Why is synthetic cannabis killing Kiwis more than anyone else in the world?

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Sunday

"Frittering", that is, having a seizure while using synthetic cannabis, is normal in Rohan Bahram's world.

Sunday reporter Janet McIntyre talks to Rohan Bahram who was rushed to hospital after using synthetic cannabis.
Source: Sunday

He's watched it happen to others, seen them come through unscathed and thought nothing of it.

Until just a few weeks ago, when it happened to him.

Rohan, who was celebrating his 23rd birthday, has lived to tell the tale – unlike 20 other Kiwis, this year, who have not.

Their deaths are puzzling.

Professor Michelle Glass, from the department of pharmacology at Auckland University says synthetic cannabinoids rarely cause clusters of deaths, the way they have in New Zealand – even though the drug is distributed around the world.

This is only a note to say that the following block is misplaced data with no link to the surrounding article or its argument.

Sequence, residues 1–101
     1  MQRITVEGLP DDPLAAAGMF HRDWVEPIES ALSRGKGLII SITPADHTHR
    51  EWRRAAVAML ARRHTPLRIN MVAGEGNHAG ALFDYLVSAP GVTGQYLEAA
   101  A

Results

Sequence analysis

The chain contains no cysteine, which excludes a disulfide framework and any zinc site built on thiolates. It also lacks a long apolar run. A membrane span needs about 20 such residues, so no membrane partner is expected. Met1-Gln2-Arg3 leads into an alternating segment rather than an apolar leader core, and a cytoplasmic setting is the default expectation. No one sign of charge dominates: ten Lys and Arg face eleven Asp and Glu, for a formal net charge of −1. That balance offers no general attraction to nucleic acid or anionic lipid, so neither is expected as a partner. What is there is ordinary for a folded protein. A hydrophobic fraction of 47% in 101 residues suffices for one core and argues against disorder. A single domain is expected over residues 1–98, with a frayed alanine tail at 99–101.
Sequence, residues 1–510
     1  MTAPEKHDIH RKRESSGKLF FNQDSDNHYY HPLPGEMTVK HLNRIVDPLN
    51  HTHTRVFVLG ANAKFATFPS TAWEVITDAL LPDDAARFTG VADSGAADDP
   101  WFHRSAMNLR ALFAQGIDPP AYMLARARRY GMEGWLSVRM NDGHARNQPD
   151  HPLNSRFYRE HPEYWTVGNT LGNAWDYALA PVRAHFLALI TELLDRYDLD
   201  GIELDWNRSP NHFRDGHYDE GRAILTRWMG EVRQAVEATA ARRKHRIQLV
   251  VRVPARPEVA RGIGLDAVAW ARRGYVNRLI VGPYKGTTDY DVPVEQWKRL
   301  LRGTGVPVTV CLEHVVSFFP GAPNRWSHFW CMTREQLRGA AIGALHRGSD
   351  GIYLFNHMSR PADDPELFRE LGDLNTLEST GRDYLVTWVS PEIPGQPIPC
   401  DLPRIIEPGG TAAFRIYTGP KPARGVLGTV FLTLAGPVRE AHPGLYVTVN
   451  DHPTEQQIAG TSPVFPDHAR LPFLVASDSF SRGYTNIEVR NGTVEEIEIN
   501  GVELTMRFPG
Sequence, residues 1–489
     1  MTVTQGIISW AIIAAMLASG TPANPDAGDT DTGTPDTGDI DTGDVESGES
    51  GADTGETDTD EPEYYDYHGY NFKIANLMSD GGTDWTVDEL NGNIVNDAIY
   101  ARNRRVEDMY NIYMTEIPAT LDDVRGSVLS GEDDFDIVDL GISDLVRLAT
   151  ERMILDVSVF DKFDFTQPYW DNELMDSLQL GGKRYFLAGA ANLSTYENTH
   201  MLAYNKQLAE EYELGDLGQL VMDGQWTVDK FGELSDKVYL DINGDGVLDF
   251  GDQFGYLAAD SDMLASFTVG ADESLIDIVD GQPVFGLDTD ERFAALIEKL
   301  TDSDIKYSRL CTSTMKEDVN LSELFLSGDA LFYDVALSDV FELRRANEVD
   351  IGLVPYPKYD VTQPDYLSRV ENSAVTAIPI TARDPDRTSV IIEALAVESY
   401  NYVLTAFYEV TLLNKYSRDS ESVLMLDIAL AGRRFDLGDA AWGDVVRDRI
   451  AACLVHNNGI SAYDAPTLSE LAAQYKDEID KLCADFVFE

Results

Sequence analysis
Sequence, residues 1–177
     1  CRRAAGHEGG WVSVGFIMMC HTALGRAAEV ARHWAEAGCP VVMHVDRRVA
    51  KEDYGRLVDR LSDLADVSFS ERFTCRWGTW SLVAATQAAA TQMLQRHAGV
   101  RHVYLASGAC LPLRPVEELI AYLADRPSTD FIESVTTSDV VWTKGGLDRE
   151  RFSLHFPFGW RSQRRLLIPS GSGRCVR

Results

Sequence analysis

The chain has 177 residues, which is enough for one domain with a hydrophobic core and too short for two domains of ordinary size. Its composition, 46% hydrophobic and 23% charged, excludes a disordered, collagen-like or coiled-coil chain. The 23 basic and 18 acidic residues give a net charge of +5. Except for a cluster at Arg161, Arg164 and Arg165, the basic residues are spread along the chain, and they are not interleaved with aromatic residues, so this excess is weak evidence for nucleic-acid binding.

"We don't yet know what's causing these deaths here," says Professor Glass, who studies the effects of cannabinoids on the brain.

"It could be the drug itself, but most likely it's something being added to it, or it's an interaction with other drugs being taken by individuals."

Rohan who lives in Feilding with his family, says he hears on the street that the drug, imported from China, is being "cut" with other toxic substances, like petrol and insecticide to make it stronger.

Asked why anyone would knowingly use a substance that could include those ingredients, he answers: "because they're addicted".

In the first half of this year Police say they seized six kilogrammes of synthetic cannabinoid powder at the border – enough to manufacture around 40 thousand three gram bags. That doesn't seem to have stopped supply.

St John Ambulance say they continue to respond to around 60 emergency call-outs around the country every week, sometimes with tragic outcomes.


- By Sunday reporter Janet McIntyre


'Dying for a high' - SUNDAY TVNZ 1 tonight at 7.30 PM or later on OnDemand.

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